On October 7, within hours of the armed group Hamas launching a surprise attack on Israel, social media platforms were rife with support for Israel – and also fake news.
What stood out in the clamour was the fact that a fair amount of it was produced and distributed by accounts from India.
In the days after Israel declared war on Hamas, a blue-tick-verified handle posted a video on the social media platform X of a Pakistani parliamentarian threatening to obliterate Israel with an “atom bomb” if it did not end its atrocities against Muslims. That video received more than 840,000 views. But it was from 2021 and is not related to the current war.
Similarly, Suresh Chavhanke, editor-in-chief of Sudarshan News, a right-wing channel, shared a clip on X of an Israeli representative tearing up a 20-page United Nations report documenting human rights violations. That too was from 2021.
Experts say the Israel-Hamas war has given a massive reach to social media accounts in India – both large and small – that have managed to ride a wave of anti-Muslim and pro-Israel fervour.
Apoorvanand, a Delhi University professor who goes by one name, perceives a link between current “anti-Muslim sentiment” and the rise of Hindu nationalist ideologies like Hindutva, particularly under the government of Prime Minister Narendra Modi.
Hindutva supporters, he said, “hold Muslims across countries responsible for all the ills and everything bad. They’ve started looking at Israel as an ideal, as a model to be followed because Israel does what it wants to do to Muslims”.
A “generational shift” has taken place in India, said Nicolas Blarel, an associate professor of international relations at Leiden University in the Netherlands.
Over the last decade, Blarel has observed that the country has grown more fascinated with Israel, including how it defends itself against attacks from its neighbours.
That situation has particular resonance in India, according to Blarel. In addition to border incursions from China in the east, India has also been subject to attacks on its western flank by what it says are state-supported armed groups in Pakistan. The two nuclear-armed nations have been locked in an ongoing conflict for control of the disputed territory of Kashmir.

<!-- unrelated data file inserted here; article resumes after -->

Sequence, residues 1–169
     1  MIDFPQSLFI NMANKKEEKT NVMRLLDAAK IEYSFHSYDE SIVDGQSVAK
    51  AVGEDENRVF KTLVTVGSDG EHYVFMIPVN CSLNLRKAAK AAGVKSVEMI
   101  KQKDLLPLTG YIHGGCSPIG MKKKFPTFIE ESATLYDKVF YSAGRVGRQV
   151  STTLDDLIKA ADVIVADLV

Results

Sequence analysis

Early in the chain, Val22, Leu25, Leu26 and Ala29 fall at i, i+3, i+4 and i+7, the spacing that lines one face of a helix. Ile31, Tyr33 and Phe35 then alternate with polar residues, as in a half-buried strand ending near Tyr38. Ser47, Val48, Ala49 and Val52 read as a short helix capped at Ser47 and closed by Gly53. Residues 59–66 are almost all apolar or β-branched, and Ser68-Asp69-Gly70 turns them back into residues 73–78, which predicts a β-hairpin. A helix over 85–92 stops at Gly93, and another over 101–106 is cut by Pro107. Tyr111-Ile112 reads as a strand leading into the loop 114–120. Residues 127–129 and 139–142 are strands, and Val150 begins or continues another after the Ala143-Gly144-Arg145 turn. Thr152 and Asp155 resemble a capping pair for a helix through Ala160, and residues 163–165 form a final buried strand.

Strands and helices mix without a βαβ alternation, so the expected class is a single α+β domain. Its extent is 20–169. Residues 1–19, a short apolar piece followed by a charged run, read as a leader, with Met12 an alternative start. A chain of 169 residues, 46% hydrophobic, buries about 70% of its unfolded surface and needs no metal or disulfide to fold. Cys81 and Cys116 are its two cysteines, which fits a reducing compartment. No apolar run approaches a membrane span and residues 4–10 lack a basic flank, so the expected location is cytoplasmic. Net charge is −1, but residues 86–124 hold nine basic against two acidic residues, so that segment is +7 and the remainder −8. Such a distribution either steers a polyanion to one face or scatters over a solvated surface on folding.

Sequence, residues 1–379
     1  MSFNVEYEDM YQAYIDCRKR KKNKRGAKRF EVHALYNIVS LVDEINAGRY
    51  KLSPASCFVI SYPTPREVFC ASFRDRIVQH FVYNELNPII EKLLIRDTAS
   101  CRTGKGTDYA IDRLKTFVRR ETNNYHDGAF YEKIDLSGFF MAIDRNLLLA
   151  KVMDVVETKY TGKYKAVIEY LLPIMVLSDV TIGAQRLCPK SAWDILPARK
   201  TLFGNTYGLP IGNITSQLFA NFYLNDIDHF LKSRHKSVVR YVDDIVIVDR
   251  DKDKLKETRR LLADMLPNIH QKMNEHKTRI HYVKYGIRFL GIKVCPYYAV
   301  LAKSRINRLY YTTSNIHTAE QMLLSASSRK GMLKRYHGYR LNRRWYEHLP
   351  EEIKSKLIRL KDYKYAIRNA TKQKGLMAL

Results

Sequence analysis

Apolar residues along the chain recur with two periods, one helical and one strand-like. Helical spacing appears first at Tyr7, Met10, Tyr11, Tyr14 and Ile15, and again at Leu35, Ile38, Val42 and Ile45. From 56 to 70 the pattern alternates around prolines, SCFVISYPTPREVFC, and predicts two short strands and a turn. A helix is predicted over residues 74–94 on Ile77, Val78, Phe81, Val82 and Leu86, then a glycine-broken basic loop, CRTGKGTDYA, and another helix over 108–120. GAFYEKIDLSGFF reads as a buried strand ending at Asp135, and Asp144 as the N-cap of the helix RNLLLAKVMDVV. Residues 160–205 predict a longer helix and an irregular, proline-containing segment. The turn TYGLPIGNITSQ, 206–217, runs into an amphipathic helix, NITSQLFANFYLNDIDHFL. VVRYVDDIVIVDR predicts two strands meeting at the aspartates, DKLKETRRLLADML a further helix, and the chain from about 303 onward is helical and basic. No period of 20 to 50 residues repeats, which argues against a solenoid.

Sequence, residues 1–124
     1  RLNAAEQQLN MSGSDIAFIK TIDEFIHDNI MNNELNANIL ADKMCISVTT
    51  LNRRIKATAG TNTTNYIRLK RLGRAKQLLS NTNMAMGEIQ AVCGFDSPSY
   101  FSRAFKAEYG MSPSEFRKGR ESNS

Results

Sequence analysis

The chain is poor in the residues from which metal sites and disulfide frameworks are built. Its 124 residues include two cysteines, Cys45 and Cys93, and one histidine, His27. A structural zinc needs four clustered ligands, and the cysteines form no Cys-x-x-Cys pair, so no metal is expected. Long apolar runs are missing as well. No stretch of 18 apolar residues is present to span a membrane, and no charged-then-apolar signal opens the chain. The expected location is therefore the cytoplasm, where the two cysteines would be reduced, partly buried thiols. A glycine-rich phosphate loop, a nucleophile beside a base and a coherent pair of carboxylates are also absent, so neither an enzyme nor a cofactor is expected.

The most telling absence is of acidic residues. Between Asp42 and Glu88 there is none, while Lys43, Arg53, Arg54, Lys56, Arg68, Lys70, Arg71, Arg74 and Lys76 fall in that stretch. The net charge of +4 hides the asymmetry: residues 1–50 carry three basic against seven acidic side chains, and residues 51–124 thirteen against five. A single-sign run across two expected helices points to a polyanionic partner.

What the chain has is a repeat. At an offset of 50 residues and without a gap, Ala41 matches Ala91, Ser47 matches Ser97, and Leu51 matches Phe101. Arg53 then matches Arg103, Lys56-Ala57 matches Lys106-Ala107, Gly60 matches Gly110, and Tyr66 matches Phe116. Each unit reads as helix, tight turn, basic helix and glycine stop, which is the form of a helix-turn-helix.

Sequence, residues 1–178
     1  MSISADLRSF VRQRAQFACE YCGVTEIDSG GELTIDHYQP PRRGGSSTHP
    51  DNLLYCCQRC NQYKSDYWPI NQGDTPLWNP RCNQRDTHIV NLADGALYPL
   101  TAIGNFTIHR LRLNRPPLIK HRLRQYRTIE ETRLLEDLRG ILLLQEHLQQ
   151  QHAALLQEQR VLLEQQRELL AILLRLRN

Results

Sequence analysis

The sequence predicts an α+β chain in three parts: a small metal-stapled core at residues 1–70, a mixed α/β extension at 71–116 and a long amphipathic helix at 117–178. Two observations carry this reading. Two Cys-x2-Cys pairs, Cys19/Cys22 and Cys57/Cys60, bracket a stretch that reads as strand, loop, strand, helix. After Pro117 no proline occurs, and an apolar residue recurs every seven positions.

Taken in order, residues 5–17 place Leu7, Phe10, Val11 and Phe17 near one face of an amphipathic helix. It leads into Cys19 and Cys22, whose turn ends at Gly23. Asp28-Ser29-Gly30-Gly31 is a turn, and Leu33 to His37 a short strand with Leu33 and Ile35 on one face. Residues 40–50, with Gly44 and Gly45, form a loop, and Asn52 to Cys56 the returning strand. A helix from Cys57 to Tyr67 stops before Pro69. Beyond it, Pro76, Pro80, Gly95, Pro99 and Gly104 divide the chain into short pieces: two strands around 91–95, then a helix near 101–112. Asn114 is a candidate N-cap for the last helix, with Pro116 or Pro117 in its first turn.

Those tense international relations have, in part, led Modi’s Bharatiya Janata Party (BJP) to seek warmer relations with Israel.
“Terrorism is the thing that’s brought the BJP closer to Israel over the last few years – how to better deal with counterterrorism,” said Blarel.
As a result, India’s political sphere has transformed from “an exclusive pro-Palestine ecosystem to the complete opposite and to one that is completely empathetic with [the] Israeli position” today, he explained.
Indeed, India had supported Palestine’s right to statehood since 1947, when it gained independence from the United Kingdom.
At the time, the United Nations had proposed a “partition plan” to create separate Israeli and Palestinian states, something India objected to.
The plan never took effect, though. The very next year, Israel declared independence, sparking a conflict that would see the mass displacement of Palestinians.
Still, in 1974, India became the first non-Arab country to recognise the Palestine Liberation Organization (PLO) as the “sole and legitimate representative” of the Palestinian people, continuing its pattern of support.
And while New Delhi formally recognised Israel in 1950, it only normalised diplomatic relations in the early 1990s. Even then, it remained committed to the Palestinian cause and continued nurturing its relations with the Muslim-majority nations in the Middle East.
However, in the past few years, India and Israel have started inching closer. The attacks in India’s financial capital Mumbai on November 26, 2008, helped spur the shift.
More than 160 people were killed and over 300 injured. A Jewish centre, the Nariman House, was among the targets: An Israeli American rabbi and his wife were among the six gunned down there. India blamed the attacks on a Pakistan-based armed group.